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Action Alert: Uganda's Protected Mabira Rainforest Threatened Again by Sugar Production

Plans by Uganda's President to partially destroy the Mabira rainforest - one of the nation's most important rainforest preserves - have surfaced again after being defeated in 2007. Let the Ugandan government know rainforests and their ecological services including water, climate and biodiversity are far more important than sugar which can be grown elsewhere. Together with local opposition Ecological Internet has defeated this project twice before, let's do it again.

By Forests.org, a project of EcoInternet - November 21, 2011

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Additional Background

Ugandan President Yoweri Museveni continues to pursue plans to destroy large areas of the Mabira Forest Reserve, Uganda's most important intact and protected rainforest. Some one-quarter of the reserve, about 5,000 hectares of an area which has been protected since 1932, will lose its protection for sugar cane production by the Mehta Group of India's "Sugar Corporation of Uganda Limited" (Scoul). The project was thought to have been defeated in 2006-2007 by spontaneous, home-grown rainforest protection protests. Ecological Internet led the successful international campaign to cancel the project, sending a deluge of millions of protest emails - yet it has again emerged, illustrating no rainforest is protected for long.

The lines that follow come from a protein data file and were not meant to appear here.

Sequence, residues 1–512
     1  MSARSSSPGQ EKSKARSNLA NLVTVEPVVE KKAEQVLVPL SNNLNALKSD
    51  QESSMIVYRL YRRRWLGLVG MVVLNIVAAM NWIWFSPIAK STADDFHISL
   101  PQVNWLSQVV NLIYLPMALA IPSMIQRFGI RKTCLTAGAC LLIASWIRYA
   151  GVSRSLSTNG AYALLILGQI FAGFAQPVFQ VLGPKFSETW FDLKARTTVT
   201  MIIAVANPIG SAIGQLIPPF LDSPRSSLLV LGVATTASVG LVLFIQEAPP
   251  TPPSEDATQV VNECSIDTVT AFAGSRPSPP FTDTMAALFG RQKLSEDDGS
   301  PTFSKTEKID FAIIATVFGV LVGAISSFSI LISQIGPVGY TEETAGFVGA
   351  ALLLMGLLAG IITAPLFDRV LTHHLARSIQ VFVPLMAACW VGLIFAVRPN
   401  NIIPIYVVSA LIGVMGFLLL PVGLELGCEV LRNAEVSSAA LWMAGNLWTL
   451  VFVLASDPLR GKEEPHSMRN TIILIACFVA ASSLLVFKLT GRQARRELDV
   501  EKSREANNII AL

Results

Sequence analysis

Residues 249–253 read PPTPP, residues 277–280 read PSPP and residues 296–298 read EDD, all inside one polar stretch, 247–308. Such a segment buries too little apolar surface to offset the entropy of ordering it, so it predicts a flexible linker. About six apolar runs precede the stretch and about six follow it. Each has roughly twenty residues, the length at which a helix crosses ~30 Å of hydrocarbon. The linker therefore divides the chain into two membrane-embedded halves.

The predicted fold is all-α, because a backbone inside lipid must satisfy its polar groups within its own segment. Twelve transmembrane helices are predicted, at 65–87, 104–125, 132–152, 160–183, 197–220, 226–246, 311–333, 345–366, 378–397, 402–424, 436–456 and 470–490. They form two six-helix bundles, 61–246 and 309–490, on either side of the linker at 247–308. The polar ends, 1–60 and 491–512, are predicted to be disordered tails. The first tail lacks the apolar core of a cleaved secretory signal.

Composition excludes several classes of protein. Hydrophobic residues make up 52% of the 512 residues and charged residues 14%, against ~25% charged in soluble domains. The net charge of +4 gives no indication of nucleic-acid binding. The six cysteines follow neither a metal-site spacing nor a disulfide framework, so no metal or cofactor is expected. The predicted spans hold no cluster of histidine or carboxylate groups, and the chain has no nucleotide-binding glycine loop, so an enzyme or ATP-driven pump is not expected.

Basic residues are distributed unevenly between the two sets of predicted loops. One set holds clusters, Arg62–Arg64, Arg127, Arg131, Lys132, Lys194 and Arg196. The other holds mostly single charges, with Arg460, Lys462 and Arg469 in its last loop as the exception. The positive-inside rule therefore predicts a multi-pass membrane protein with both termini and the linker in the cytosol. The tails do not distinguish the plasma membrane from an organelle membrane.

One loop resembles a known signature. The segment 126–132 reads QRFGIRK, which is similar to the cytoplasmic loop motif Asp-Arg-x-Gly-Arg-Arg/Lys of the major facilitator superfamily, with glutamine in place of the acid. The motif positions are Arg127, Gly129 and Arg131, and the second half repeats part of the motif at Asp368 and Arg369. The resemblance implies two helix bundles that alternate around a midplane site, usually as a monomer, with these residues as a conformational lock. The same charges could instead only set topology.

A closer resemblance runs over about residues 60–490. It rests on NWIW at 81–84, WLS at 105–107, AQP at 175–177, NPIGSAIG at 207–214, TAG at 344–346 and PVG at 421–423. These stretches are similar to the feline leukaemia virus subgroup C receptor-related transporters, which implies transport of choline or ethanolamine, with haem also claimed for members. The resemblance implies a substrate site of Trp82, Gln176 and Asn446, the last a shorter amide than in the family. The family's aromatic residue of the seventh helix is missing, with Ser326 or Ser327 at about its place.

The Mabira Forest Reserve, on the north shore of Lake Victoria, is home to 300 bird species, 312 tree species and 199 butterfly species as well as rare primates, and plays a vital role in the country's ecosystem, storing carbon and regulating rainfall. Mabira is a watershed for two rivers contributing to the Nile, and an ecological stabilizer between two major industrial towns. Over 50% of Uganda's forests have been lost since the 1970s. Deforestation has been directly responsible for declining levels of waters in Lake Victoria, the River Nile and other rivers resulting in a scarcity of drinking water and reduction in hydroelectric energy production. The forest’s removal would bring drier weather, destroy local firewood and home building supplies, reduce ecotourism, and hurt crop yields.


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Uganda's remaining ancient rainforests provide the water, air and soil necessary to sustain its citizens  (link)

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